IT HAPPENED TO ME: I Went Through the Hell of Heroin Withdrawal and Came Out the Other Side

You know when you're underwater, and you need to come up for a breath? That's heroin withdrawal, only not exactly, because it's worse.

Oct 30, 2013 at 1:00pm | Leave a comment

I lay on the floor in the exam room at the doctor's office, pressing my face into the linoleum to absorb the coolness. It didn't work –- how could it? I had no idea whether I was hot or cold.
 
I heard my boyfriend Lawrence talking to the doctor's assistant in the hallway. "Tell me straight up. If this is a scam, just tell me now, so we can go to plan B."
 
Plan B was one more score of heroin, then a trip to get Lawrence's gun. One fix each to get well, then one bullet in each of our heads.
 
How I came to be writhing on the floor of a doctor's office in heroin withdrawal is a story too long to tell here, but here's a CliffNotes version:
 
In 2003, I broke my knee in a bad skiing accident. I had to have bone graft surgery, and after a few months, I became addicted to painkillers. This was a hell of a shock, as I was the one holdout in my family who didn't use drugs or drink. I was a successful designer, with a good marriage, plenty of money and a life that looked pretty damn sparkly from the outside. I was proud of my status as a "respected community member," with all the privileges that entails.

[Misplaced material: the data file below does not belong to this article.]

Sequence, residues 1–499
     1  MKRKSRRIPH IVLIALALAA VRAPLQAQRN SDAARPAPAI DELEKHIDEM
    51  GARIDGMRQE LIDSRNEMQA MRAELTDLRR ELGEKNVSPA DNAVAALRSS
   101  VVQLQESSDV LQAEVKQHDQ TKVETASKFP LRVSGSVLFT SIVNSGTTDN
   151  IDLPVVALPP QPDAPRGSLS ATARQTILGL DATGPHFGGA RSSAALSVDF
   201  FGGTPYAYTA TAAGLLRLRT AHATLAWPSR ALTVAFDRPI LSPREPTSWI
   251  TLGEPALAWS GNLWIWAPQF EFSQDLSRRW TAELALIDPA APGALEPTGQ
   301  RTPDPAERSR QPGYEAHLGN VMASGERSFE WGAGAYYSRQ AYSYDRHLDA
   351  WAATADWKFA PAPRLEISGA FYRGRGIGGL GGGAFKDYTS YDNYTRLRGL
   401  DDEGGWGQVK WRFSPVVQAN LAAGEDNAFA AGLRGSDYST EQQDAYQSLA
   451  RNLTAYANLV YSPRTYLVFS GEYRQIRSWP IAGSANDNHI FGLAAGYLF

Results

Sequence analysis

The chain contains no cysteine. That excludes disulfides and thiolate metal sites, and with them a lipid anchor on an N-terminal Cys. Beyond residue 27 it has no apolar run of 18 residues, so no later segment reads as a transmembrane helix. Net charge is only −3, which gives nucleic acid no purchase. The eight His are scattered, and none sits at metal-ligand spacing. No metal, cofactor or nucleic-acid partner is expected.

But addiction doesn't care who you are, what you have, or what you've accomplished. In under a year, I lost my marriage, my home, my baby, my dog, friends, honesty, and every scrap of my self-respect. I went to two rehabs. Did a ton of work. Got better. Then a dear friend OD'd while on the phone with me. I was devastated, and in early recovery, I didn't have experience yet with maintaining sobriety in the midst of severe loss. 
 
My heroin habit started as one of those incredibly bone-headed ideas folks get when they have some clean time and what seems like a perfect "excuse" to relapse: "Let's do it once, just to prove that we're strong enough to stop. Anyway, I've never done it, and I'm curious." 
 
Four months later, most of my share of the house-sale money had gone to a pair of Honduran dealers whose eyes lit up like Christmas morning when they saw Lawrence and I walking down the alley. Because I had money, we quickly climbed to using 4 to 5 grams of heroin a day each. I knew I would probably die; I nearly did a few times. At that point, I didn't much care; I had become the thing I had disdained for most of my life: a drug addict. I'd lost myself, and I couldn't see any way out.
 
Well… maybe the Internet could help. In a last-ditch effort, I researched opiate dependency treatment options I knew about Methadone, of course -- what self-respecting child of Bohemian/Hippies who grew up reading William S. Burroughs does not -– but everything I read told me to stay away. It was just as addictive as heroin; it got you high; and kicking Methadone was said to be just as hard as heroin withdrawal. About the only thing it had going for it was that it was legal.